Roger Williams’ Legacy, Rededicated

The monument commemorating Williams’ meeting with the Narragansetts has been restored

East Side Monthly Magazine ·

On September 22, friends and neighbors of the Fox Point community gathered to rededicate the monument that stands in commemoration of Roger Williams’ landing in Providence. It was this spot, where in 1636 Williams was greeted by members of the Narragansett tribe.

The monument at Roger Williams Landing Park, which was built in 1906, was vandalized in 1996, resulting in the plaques being removed by the Parks Department. Over the years, the plaques were lost, so the Fox Point Neighborhood Association (FPNA) raised $8,000 last year to go towards recreating the originals.

“Our members gave their own money so that these plaques could be restored. It just seems amazing to me, but we got here,” said John Rousseau, secretary of the FPNA.

The Parks Department in turn was able to leverage the remaining funds for the project, which was executed by artist Robert Shure of Skylight Studios. Using archival photos, the plaques were recreated as faithfully as possible.
“A great deal of work went into making this possible,” said Mayor Jorge Elorza, who was present for the rededication. “This is such an important part of our heritage and our community.”

Also present at the rededication was Silvermoon LaRose of the Narragansett nation and assistant director at the Tomaquag Museum in Exeter. LaRose provided historical context for the significance of the meeting between Williams and the Narragansetts, pointing out that Williams had been committed to learning and preserving their language and customs. Remembered as an early advocate for religious tolerance, Williams saw no difference between indigenous people and Europeans in the “eyes of God,” and though a devout Christian, argued against forced conversion of the Narragansett.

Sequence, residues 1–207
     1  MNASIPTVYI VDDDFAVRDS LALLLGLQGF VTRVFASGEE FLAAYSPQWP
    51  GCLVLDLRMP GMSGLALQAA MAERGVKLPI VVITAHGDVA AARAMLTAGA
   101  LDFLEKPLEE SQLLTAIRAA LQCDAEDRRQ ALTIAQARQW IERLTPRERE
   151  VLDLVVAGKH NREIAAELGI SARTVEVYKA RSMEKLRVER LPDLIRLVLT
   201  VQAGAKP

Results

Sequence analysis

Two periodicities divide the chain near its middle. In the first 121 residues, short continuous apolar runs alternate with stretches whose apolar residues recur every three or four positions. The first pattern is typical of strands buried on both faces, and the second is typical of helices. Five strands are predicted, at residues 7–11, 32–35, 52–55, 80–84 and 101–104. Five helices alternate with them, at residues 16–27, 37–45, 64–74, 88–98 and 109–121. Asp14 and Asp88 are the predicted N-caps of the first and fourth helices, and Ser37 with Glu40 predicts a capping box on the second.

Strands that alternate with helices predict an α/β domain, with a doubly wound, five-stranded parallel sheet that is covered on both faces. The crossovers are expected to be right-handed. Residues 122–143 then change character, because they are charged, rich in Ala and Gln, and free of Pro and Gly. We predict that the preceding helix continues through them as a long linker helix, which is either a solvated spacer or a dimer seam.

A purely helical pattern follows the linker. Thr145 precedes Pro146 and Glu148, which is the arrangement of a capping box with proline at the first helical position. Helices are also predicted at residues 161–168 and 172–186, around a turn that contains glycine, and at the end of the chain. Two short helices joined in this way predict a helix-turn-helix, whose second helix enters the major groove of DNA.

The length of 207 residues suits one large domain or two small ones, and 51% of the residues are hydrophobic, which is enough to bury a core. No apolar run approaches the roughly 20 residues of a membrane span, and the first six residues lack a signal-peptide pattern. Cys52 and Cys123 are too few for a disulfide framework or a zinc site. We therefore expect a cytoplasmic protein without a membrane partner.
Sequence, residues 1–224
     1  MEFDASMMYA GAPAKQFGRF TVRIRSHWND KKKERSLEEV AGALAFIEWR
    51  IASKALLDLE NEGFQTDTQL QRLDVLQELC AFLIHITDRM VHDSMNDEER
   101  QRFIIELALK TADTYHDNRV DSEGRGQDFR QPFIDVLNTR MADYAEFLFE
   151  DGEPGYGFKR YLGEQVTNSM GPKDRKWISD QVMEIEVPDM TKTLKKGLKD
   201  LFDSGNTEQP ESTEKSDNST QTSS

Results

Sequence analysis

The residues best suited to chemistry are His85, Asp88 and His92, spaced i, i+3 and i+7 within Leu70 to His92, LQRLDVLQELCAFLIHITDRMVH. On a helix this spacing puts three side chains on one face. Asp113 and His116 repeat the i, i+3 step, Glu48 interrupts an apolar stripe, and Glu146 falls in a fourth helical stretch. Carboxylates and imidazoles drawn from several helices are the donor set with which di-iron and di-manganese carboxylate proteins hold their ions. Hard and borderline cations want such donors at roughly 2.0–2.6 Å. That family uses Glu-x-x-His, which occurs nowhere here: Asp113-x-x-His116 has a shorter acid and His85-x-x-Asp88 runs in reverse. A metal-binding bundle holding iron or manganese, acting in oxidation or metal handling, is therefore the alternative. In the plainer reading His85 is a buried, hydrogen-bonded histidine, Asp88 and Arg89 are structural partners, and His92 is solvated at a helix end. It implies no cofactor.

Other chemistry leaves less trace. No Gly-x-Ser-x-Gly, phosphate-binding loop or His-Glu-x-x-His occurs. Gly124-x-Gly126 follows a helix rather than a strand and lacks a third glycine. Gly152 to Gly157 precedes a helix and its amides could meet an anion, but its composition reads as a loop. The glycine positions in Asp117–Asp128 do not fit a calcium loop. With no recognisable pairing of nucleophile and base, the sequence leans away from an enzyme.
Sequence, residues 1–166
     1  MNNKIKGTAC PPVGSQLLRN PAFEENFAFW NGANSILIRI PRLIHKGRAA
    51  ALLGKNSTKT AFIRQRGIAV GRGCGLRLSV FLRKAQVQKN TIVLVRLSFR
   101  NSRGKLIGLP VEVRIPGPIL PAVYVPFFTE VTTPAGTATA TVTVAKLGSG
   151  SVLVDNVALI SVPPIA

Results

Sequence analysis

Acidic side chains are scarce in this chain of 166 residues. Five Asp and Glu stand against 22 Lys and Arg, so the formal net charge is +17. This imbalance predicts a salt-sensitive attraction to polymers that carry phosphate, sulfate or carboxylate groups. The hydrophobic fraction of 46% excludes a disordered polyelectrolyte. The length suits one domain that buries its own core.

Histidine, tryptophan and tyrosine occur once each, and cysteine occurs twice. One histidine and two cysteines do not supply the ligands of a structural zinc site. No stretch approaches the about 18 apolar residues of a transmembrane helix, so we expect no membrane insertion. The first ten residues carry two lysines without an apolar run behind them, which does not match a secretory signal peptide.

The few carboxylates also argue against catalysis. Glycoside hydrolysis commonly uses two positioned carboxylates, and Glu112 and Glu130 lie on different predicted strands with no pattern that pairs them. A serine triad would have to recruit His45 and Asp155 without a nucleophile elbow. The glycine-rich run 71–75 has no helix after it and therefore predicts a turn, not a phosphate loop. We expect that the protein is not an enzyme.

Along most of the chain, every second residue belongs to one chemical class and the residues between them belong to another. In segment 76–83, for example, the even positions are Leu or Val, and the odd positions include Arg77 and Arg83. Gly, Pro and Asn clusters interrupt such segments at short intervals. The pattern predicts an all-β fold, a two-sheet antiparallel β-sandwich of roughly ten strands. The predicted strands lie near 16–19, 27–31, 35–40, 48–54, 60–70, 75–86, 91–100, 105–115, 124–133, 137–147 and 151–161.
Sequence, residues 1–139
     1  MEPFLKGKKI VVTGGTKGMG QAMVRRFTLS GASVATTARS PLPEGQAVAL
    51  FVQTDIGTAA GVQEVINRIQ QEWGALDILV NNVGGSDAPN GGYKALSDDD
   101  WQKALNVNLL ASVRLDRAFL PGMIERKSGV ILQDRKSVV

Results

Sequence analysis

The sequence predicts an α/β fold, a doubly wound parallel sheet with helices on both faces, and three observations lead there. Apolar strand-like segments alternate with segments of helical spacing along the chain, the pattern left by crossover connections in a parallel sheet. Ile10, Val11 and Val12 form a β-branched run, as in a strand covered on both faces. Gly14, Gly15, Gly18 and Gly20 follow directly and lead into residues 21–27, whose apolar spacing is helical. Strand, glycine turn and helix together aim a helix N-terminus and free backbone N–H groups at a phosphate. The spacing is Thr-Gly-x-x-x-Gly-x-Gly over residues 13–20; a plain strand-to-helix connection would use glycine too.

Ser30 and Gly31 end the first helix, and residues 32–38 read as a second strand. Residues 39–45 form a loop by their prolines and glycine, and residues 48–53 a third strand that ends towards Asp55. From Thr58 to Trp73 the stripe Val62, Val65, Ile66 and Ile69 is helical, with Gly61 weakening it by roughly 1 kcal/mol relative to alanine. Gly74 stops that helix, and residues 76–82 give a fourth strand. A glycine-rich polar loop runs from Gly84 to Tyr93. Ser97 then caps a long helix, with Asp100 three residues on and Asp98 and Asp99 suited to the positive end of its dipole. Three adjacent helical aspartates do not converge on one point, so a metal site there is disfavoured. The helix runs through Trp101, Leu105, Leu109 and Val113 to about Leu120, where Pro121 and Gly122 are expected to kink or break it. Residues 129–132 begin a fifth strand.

“As a Narragansett I’m grateful for his foresight in capturing the language and cultural ways of our people in writing,” said LaRose. “Some of these things may have been lost to us forever were it not for his contribution.”

Roger Williams Landing Park is located on Gano Street between Power and Williams streets.


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